Featuring the viewpoint of eight completely different filmmakers to form one cohesive narrative feature, The Seven Faces of Jane is one of the most fascinating movies I have seen in a long time. This technique alone warrants a watch, forming a complete day in the life of Jane (Gillian Jacobs, Netflix’s Love, Fear Street) in a vignette style. In a process known as “exquisite corpse,” each director selected a card containing a chunk of Jane’s timeline, then had complete creative freedom to do whatever they wanted with it. Suffice to say, the girl has one eventful spin around the globe after dropping off her daughter at summer camp.
There is no true structure to the film beyond following Jane on her misadventures, but when they are this much fun who really cares? Each segment has its own unique visual style, bookended by a beginning and ending done by Gillian Jacobs. From seeing a double of herself at a local diner to rekindling old flames, an emotional goodbye for a best friend, aiding a sweet girl through her Quinceañera, picking up a hitchhiker, and everything in between, Jane is one splendidly intriguing woman to follow on her life’s trials and tribulations.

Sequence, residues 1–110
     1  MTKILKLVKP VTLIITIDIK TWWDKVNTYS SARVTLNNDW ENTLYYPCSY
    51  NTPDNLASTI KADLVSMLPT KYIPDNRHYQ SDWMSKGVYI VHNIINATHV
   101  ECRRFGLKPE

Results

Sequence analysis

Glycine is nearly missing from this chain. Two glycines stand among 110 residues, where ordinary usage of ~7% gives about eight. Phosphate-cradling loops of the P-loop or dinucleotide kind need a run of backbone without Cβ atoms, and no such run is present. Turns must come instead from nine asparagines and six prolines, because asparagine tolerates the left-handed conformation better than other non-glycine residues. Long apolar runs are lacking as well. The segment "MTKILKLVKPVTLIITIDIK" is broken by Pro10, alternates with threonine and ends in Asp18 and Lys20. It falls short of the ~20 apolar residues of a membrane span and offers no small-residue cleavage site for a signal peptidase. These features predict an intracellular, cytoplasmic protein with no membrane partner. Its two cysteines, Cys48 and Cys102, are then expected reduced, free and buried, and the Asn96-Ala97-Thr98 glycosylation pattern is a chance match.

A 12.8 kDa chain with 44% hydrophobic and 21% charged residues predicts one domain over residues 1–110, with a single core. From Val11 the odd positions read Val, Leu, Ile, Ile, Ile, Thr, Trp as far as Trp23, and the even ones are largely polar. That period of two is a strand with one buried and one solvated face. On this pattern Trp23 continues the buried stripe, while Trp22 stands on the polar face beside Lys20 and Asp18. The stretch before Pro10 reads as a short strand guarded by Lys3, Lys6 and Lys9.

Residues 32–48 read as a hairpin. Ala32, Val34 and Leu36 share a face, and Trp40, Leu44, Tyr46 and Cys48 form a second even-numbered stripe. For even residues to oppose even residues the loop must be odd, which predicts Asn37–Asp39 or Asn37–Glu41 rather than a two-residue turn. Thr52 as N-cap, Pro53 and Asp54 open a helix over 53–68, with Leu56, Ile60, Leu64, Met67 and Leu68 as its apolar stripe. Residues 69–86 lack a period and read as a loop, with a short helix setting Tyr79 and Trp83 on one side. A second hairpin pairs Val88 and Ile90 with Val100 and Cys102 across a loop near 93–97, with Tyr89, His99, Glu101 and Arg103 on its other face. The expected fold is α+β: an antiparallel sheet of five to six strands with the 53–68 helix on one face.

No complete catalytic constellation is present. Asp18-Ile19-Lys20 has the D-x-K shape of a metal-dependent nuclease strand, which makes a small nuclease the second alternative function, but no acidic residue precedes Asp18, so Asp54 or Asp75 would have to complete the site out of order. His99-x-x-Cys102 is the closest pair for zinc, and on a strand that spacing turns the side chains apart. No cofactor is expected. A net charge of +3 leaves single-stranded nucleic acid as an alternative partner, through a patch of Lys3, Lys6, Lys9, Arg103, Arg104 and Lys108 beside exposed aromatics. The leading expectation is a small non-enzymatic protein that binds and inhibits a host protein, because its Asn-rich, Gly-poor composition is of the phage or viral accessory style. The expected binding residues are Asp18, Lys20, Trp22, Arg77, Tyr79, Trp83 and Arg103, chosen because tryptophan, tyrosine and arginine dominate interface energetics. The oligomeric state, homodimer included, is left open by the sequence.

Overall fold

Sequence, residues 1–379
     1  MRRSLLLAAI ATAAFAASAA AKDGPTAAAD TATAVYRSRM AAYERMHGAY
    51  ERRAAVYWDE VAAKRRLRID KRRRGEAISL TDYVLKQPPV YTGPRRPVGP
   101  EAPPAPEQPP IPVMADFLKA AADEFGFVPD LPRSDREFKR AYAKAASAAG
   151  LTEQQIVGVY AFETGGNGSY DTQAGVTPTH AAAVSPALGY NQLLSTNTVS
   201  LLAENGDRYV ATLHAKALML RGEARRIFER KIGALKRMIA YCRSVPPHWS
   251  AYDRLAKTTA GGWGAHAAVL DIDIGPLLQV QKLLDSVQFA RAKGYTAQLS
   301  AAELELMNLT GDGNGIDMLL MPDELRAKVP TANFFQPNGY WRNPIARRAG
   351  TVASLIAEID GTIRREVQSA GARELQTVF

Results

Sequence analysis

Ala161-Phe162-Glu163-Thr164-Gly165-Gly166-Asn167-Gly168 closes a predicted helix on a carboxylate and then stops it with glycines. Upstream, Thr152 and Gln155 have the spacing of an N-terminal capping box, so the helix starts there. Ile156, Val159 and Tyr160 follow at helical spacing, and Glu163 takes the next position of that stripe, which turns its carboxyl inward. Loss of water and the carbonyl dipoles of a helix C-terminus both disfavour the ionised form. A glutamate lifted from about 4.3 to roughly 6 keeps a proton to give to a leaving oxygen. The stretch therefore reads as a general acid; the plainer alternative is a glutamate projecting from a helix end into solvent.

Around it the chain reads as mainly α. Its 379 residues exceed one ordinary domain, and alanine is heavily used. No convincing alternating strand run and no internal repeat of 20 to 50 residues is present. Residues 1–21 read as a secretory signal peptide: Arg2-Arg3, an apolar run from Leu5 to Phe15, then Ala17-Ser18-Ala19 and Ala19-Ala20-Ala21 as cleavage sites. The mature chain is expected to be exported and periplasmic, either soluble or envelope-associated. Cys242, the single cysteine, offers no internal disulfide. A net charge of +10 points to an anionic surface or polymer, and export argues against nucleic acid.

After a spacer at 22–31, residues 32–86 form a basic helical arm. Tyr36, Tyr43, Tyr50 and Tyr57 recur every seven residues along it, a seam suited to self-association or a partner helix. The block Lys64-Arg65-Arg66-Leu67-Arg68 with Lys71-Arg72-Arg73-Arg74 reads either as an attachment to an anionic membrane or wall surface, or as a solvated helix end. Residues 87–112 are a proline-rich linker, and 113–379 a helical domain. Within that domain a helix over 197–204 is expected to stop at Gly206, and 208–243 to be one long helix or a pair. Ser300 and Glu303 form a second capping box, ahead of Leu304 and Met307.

The Seven Faces of Jane is not quite an anthology movie, but it shares many similarities due to the multiple directors throwing their hats into the ring. For me, the standouts are “Guardian” and “The One That Got Away.” The former features a meaningful interpretative dance that doubles as an emotional goodbye, whilst the latter features Joel McHale and a stunning mountaintop hike prickling with forbidden romance. These are simply the ones that spoke directly to me, but any given viewer may be drawn toward a different aspect of the feature.
Also similar to anthologies, not every installment is great. One of the latter ones is too bizarre and surreal for its own good, and the Quinceañera side story does not seem as if it has much to say. However, when The Seven Faces of Jane is good, I genuinely loved what I was watching. I have been a huge fan of Gillian for awhile now, and a fascinating project like this is the perfect outlet for her creative endeavors. Perhaps this type of thing has been done before cinematically, but for me it was a whole new experience. I would highly recommend checking it out due to the signature quirkiness and engaging lead character.
The Seven Faces of Jane screened at 2022’s Bentonville Film Festival.